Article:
·3.04% of their gross salary to the health social security.
Non-tax resident employees
Non-tax resident employees must pay tax at 29% on their Dominican Republic-source net income.
Employers must pay:
·7.1% of the employee's gross salary into a pension plan payment scheme.
·1.2% of the employee's gross salary into the Workers Compensation Plan.
·1% of the company's payroll to the INFOTEP, on a monthly basis.
·7.09% of the employee's gross salary on the health social security.
·A complementary retribution tax (Impuesto Sobre Retribuciones Complementarias) of 29% on all other non-cash benefits that an employee receives (such as school tuition, car and property leases, and mobile phones).
14. What constitutes tax residency in relation to business vehicles?
A business entity is considered tax resident, in relation to Dominican-source income (in the case of foreign companies either from a subsidiary or a branch), when it operates in the Dominican Republic for a period of at least six months within a year.
15. What are the main taxes that potentially apply to a tax resident business vehicle (including rates)?
Companies incorporated or tax resident in the Dominican Republic must pay:
·Tax on their worldwide income: 29%.
·Tax on their assets: 1%.
·Tax on complementary retribution for employees: 29%.
·Tax on transfers of industrialised goods and services (Impuesto de Transferencia a los Bienes Industrializados y Servicios) (ITBIS): 16%. This tax is similar to value added tax (VAT) in other jurisdictions.
·Consumption tax on the import and transfer of luxury items at variable rates depending on the item. Luxury items include alcohol, tobacco, jewellery, watches and rugs (section 375, Tax Code).
16. How are the activities of non-tax resident business vehicles taxed?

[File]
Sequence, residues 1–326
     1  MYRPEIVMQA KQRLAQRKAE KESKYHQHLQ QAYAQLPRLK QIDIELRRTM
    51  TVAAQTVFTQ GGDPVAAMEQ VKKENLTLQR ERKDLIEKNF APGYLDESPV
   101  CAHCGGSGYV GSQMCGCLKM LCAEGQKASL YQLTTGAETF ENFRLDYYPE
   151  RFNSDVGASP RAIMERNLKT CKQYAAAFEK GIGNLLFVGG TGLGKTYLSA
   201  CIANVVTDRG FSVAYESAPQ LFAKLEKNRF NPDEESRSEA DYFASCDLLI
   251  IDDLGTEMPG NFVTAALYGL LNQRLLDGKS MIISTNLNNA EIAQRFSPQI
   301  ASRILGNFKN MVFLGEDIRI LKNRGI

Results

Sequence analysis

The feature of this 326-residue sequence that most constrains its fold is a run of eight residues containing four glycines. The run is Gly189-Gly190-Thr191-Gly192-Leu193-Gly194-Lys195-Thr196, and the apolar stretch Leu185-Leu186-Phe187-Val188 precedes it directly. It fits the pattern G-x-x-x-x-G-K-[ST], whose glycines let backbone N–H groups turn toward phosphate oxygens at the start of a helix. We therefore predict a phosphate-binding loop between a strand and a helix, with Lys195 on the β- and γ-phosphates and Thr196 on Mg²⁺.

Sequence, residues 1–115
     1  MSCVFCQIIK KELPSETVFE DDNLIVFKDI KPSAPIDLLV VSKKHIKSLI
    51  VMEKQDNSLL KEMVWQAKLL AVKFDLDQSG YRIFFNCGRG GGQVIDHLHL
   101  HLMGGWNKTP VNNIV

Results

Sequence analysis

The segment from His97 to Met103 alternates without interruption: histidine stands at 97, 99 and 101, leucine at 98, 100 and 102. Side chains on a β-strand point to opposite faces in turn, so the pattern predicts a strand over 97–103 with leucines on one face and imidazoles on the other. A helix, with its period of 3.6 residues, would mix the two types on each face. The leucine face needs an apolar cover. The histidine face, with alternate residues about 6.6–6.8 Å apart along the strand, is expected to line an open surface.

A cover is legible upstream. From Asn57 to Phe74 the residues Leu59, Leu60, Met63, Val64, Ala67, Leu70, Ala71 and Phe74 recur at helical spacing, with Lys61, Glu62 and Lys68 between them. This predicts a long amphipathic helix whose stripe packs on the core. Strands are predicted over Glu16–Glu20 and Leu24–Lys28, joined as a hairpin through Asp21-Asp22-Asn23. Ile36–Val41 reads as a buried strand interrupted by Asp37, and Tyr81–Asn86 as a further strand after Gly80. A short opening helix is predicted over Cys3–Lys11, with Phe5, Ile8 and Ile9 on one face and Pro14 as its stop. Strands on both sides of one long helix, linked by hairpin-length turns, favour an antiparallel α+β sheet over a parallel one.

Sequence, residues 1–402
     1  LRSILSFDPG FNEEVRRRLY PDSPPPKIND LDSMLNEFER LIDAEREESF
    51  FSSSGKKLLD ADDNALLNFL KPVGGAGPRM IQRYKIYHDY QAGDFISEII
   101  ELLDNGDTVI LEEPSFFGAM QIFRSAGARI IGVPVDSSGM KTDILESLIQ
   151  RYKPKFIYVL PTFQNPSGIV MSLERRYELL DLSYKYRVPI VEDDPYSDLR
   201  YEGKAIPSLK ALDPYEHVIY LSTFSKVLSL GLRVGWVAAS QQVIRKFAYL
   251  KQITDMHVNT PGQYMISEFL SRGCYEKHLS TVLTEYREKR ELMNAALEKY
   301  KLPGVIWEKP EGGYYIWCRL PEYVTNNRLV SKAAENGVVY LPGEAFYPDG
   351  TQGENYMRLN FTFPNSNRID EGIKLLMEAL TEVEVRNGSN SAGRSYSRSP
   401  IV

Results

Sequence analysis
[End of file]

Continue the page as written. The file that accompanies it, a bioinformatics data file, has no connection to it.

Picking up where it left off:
Non-tax resident companies must pay tax on their Dominican-source income at 29%.
Dividends, interest and IP royalties
17. How are the following taxed:
·Dividends paid to foreign corporate shareholders?
·Dividends received from foreign companies?
·Interest paid to foreign corporate shareholders?
·Intellectual property (IP) royalties paid to foreign corporate shareholders?
Dividends paid to foreign or local corporate shareholders are subject to a withholding tax at the rate of 29%. The company that withholds the 29% can offset it against its own income tax.
Dividends received from foreign companies are not subject to any tax after the withholding tax at the rate of 29% has been made.
Interest paid to foreign-approved financial institutions is subject to a withholding tax at the rate of 10%. If payments are made abroad to any other non-financial institution, the applicable withholding tax rate is 29%.
IP royalties paid
IP royalties paid to foreign corporate shareholders are treated as coming from a Dominican Republic source and are subject to tax at 29%.
Groups, affiliates and related parties
18. Are there any thin capitalisation rules (restrictions on loans from foreign affiliates)?
There are no restrictions on loans from foreign affiliates.
19. Must the profits of a foreign subsidiary be imputed to a parent company that is tax resident in your jurisdiction (controlled foreign company rules)?
Profits from a foreign subsidiary cannot be imputed to a parent company that is tax resident in the Dominican Republic.
20. Are there any transfer pricing rules?
When goods and services are offered within an economic group, these operations must be performed at market value.
21. How are imports and exports taxed?
Imports of goods are subject to the following taxes:
·Customs duty, which is taxed at variable rates.
·Consumption tax, which is taxed at variable rates (see Question 15).
·ITBIS, which is taxed at 16% (see Question 15).
Exports of goods are not taxed.
Double tax treaties
22. Is there a wide network of double tax treaties?
The Dominican Republic has a double tax treaty with Canada. Additionally, the Dominican Republic recently executed a double taxation treaty with Spain. However, the treaty has not yet been ratified by the National Congress.
23. Are restrictive agreements and practices regulated by competition law?